It is indeed a tragedy that 17 lives should be lost in the recent floods in West Bengal, even as the trail of death and devastation left by the mighty Cyclone Phailin was hemmed in, in a manner that has attracted wide acclaim.
It is also ironical that an organisation like the Damodar Valley Corporation (DVC), described by India’s first Prime Minister Jawaharlal Nehru as one of the temples of modern India, found itself in the dock, accused of causing a disaster it was mandated to control.
Last week, just as the country heaved a sigh of relief that there was no major loss of life due to the monster cyclone, in West Bengal, people and their habitats were getting submerged under the gushing waters from the DVC and Jharkhand.
Caught unawares amid Durga Puja festivities, the West Bengal government simultaneously launched a rescue operation, and a tirade against the DVC and Jharkhand government, even shooting off a letter to the Prime Minister labelling the disaster as man-made.
The truth lies elsewhere.
The DVC came into existence in July 1948 as a multipurpose river valley project. Among its primary mandates were flood control, irrigation, and generation, transmission and distribution of power.
It controls floods mainly through four dams constructed in 1959. Their present storage capacity is 0.73 million cubic feet. All these are in Jharkhand, which had given land for these projects although it is not the targeted beneficiary.
These dams help check the mighty Damodar river which floods large parts of south Bengal when in spate during monsoon. The DVC, whose command area lies in a crescent through south Bengal and Jharkhand, is co-owned by the State governments of West Bengal and Jharkhand, and the Government of India.
The ageing DVC dams have helped moderate major and minor floods in 1959, 1961, 1973, 1978 and 1995, although their capacity has been reduced over the years.
The Durgapur Barrage, and its irrigation and navigation canals in West Bengal’s Bankura and Burdwan districts play a major role in the State’s flood control mechanism. They were built by the DVC and handed over to the State government for operation and maintenance. Chief Minister Mamata Banerjee’s has charged the DVC and Jharkhand government with frequent discharge of water, which was flooding vast tracts of her State, adding that this was being done without adequate notice.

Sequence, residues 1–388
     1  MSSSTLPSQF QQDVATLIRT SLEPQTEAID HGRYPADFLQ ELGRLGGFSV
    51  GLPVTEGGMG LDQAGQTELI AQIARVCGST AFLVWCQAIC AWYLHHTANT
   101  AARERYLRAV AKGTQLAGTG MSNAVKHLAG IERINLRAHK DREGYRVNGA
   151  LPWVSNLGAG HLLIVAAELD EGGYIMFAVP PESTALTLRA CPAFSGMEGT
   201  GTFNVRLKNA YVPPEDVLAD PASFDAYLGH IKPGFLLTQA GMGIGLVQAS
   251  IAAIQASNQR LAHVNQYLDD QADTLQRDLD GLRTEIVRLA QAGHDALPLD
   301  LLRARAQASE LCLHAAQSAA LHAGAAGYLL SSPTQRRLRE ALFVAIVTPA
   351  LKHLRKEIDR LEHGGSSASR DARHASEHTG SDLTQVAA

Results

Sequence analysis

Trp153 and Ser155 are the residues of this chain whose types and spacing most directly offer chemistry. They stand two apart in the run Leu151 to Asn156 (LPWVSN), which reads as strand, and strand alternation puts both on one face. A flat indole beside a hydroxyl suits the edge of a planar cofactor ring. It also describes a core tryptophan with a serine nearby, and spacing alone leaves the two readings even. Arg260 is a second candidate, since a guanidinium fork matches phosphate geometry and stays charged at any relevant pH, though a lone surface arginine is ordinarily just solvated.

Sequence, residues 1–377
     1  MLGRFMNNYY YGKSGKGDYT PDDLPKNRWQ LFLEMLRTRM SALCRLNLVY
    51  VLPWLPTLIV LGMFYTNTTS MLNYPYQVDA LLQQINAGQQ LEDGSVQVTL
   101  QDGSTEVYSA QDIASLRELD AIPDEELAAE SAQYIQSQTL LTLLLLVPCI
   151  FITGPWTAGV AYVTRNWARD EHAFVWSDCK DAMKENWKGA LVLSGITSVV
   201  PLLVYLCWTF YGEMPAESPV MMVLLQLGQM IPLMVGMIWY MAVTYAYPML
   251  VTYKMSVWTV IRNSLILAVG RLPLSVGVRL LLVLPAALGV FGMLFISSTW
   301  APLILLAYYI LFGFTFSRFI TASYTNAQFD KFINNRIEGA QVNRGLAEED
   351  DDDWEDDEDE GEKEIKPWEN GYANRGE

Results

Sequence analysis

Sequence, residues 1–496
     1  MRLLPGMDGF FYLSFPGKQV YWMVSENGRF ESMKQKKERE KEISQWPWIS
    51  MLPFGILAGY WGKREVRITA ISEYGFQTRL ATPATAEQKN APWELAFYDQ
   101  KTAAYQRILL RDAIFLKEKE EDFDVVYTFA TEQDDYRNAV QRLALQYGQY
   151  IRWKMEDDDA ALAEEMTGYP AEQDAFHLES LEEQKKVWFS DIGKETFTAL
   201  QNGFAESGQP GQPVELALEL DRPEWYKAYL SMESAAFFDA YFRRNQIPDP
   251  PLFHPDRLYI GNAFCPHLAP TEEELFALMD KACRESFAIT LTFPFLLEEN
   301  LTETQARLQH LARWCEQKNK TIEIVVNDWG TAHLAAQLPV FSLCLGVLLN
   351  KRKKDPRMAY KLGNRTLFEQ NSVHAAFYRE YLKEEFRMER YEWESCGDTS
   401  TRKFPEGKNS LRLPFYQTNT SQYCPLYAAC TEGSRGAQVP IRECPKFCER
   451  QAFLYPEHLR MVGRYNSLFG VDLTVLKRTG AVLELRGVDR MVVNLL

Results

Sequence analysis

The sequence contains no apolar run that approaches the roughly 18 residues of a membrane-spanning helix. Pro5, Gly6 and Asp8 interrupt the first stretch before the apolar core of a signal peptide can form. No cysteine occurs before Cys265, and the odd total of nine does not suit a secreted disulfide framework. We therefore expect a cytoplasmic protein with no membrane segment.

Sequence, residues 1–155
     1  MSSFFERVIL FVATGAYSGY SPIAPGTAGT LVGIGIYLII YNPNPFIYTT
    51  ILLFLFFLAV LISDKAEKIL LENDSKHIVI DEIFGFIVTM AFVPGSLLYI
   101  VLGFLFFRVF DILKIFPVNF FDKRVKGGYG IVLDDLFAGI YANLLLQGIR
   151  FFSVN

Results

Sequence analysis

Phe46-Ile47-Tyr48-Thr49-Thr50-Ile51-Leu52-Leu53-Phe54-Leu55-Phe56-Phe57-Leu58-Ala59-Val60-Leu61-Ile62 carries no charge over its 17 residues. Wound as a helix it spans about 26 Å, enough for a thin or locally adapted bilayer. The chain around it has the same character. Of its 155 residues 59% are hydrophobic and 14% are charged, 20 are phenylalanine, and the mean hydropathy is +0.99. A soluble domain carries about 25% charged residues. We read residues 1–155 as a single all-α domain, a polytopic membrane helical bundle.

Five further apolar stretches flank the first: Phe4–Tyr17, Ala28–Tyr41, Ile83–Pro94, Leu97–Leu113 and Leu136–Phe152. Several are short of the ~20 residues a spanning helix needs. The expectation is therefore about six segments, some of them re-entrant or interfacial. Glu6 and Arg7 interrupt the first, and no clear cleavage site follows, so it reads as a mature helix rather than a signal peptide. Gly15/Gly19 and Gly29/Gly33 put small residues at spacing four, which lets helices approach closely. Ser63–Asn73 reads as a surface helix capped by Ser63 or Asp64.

Experts say that the buck should stop at the door of the successive State governments in West Bengal, including the present one, which has turned a Nelson’s eye to issues like de-silting the Durgapur Barrage — whose storage capacity is vastly reduced due to lack of maintenance. A day’s notice is given by the DVC and there is a 48-hour gap between the notice and the water actually reaching the flood-prone areas in Bengal. The same cannot be said of the Jharkhand government, which often releases water without adequate notice. The quantum of the release from the DVC and Jharkhand dams is linked with the actual amount of rainfall which does not come with much advance notice.
This year, the rainfall was particularly heavy in this region, which is unusual for this time of the year. Some flooding due to release of water is unavoidable and proactive measures, rather than reactive ones are called for. But it is the West Bengal government’s duty to protect its people from a ‘routine phenomenon.’ Playing politics and a high decibel blame-game is not the best way to do that.